Acadia Pharmaceuticals (ACAD) - Get Report needed to find a way to justify moving Nuplazid into a late-stage clinical trial of Alzheimer's disease psychosis, so the company designed a phase II clinical trial with shifting endpoints and an efficacy threshold so low that basically any drug activity at all, no matter how meaningless or fleeting, could be deemed a success.

Mission accomplished, with a healthy dose of skepticism.

On Tuesday, Acadia said Alzheimer's patients treated with Nuplazid for six weeks had fewer hallucinations and delusions than comparable patients treated with a placebo. Based on the NPI-NH Psychosis score, Nuplazid tracked a 1.8-point improvement over placebo at 6 weeks -- a benefit that is on the margins of both clinical and statistical significance.

Regardless, Acadia claimed victory. Nuplazid, approved last year for Parkinson's disease psychosis, will now be pushed ahead into a phase III study of Alzheimer's disease psychosis.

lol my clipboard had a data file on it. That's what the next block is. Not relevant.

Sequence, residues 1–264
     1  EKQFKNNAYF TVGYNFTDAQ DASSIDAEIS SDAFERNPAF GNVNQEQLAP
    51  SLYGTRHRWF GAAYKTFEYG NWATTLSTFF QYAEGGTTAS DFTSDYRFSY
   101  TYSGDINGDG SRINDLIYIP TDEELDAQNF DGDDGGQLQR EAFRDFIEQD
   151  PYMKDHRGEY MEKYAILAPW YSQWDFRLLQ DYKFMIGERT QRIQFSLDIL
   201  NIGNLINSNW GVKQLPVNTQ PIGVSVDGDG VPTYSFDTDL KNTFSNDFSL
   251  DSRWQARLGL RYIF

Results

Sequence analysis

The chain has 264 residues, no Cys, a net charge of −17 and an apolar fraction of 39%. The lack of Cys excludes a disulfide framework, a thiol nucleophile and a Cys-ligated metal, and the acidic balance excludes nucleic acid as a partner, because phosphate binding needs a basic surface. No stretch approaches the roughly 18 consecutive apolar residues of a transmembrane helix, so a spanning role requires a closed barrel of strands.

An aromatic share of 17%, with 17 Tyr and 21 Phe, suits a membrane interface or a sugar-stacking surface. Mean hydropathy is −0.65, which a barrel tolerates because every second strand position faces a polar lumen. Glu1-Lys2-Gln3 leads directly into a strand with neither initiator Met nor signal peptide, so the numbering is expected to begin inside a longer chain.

That decision seemed predetermined. Acadia conceded Tuesday that the antipsychotic effect of Nuplazid seen at six weeks disappeared at 12 weeks, relative to placebo. The drug's effect is small and doesn't last long.

Acadia claims the study was always designed to measure primary efficacy at six weeks, but the company's own description of the phase II study listed on ClinicalTrials.gov says the psychosis efficacy endpoint was to be measured at 12 weeks. On that basis, the study actually failed.

Acadia offered no explanation for the discrepancy in the way the Nuplazid phase II study was described.

On another measure of disease severity, the Clinical Global Impression Scale, Nuplazid showed no improvement compared to placebo.

The main side effects of Nuplazid observed in the phase II study were falls and agitation, which could present problems for Alzheimer's patients, particularly for people living at home and cared for by a family member. The phase II study only enrolled Alzheimer's patients living in a nursing home.

Acadia shares rose 12% to $28.44 in early Tuesday trading. During pre-market trading, Acadia shares were up almost 50%, so the stock has retreated as doubts about the Nuplazid data take hold.

Adam Feuerstein writes regularly for TheStreet. In keeping with company editorial policy, he doesn't own or short individual stocks, although he owns stock in TheStreet. He also doesn't invest in hedge funds or other private investment partnerships. Feuerstein appreciates your feedback; click here to send him an email.